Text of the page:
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Locals with Jamaican ties connect with family as Hurricane Beryl hits

'We’re really not prepared for it,' says Lotaya Hunt as she hunkers down during storm
Posted at 6:58 PM, Jul 03, 2024

STUART, Fla. — As Hurricane Beryl bears down on Jamaica with wind speeds surpassing 150 mph, Jamaicans are preparing for impact.

Stuart business owner Jason Cushnie is Jamaican. He has family and friends who live on the island.

“I’m kind of worried about the people down there and a lot of people live in ramshackle housings," said Cushnie. "Some people have traditional brick and mortar houses but not a lot of people, especially in the area where our house is. So, we’re having all of our friends and helpers who help our property stay in our house in Drumilly.”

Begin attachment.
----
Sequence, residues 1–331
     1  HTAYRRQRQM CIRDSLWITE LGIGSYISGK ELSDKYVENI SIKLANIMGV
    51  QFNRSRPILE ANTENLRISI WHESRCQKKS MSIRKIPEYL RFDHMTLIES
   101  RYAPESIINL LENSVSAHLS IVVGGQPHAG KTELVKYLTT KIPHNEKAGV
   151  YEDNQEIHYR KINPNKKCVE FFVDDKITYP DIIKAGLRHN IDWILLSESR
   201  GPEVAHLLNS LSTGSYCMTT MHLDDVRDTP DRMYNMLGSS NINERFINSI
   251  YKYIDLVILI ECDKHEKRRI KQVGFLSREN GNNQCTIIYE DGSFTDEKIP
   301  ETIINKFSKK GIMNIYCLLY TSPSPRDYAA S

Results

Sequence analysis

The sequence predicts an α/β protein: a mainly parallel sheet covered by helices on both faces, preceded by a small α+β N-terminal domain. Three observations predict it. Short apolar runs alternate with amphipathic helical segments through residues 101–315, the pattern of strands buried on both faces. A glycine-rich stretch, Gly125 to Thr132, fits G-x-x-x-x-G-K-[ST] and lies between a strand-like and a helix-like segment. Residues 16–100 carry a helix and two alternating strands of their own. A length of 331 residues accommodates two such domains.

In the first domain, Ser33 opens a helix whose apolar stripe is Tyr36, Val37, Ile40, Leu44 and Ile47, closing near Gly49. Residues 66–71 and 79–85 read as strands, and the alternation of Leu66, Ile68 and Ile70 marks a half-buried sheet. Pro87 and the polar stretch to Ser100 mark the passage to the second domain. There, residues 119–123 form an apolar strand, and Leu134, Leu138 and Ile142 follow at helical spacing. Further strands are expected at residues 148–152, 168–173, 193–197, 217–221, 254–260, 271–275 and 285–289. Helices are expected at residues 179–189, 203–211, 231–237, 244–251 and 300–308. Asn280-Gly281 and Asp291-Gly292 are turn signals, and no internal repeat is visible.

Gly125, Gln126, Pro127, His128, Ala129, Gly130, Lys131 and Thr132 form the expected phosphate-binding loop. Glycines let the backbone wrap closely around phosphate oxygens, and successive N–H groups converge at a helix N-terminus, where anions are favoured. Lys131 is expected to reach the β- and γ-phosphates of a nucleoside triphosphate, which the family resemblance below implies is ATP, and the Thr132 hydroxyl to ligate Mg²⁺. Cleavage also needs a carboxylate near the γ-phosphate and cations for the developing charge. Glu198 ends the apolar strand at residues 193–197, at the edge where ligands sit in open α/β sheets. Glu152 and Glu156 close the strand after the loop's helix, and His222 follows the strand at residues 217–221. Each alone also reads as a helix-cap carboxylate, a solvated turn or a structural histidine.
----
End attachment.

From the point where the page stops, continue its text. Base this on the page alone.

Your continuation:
He’s been in contact with them everyday this week. Cushnie is most concerned about his grandmother who's visiting family on the South end of the country.

“My great grandma’s house is on the top of a hill and it’s on the south coast right where the hurricane’s coming," he said. "So, I don’t know what’s going to happen to that house.”

Meanwhile, over in Linstead, Jamaica, Lotaya Hunt is hunkering down with family until conditions blow over.

“The wind is very creepy. I mean we have fallen trees, things blowing around," she said. "The wind is crazy right now."

She evacuated and has taken shelter at her mother’s house fearing that her metal roof wouldn’t hold up. She worries about the damage the storm will cause.

"Really not ready to be honest. We’re really not prepared for it,” said Hunt. “I’ve heard that most of the supermarkets are basically out because there are people buying in bulk and all of that.”

Even those with secure structures share the same concerns.

“We are worried in terms of the wind,” said Kevin McKenzie.

He's hoping the winds will slow and the storm will pass without devastating the island.

“It’s going to cost a lot to repair some of the damages, especially like to the rural network, to some of the infrastructures,” McKenzie said.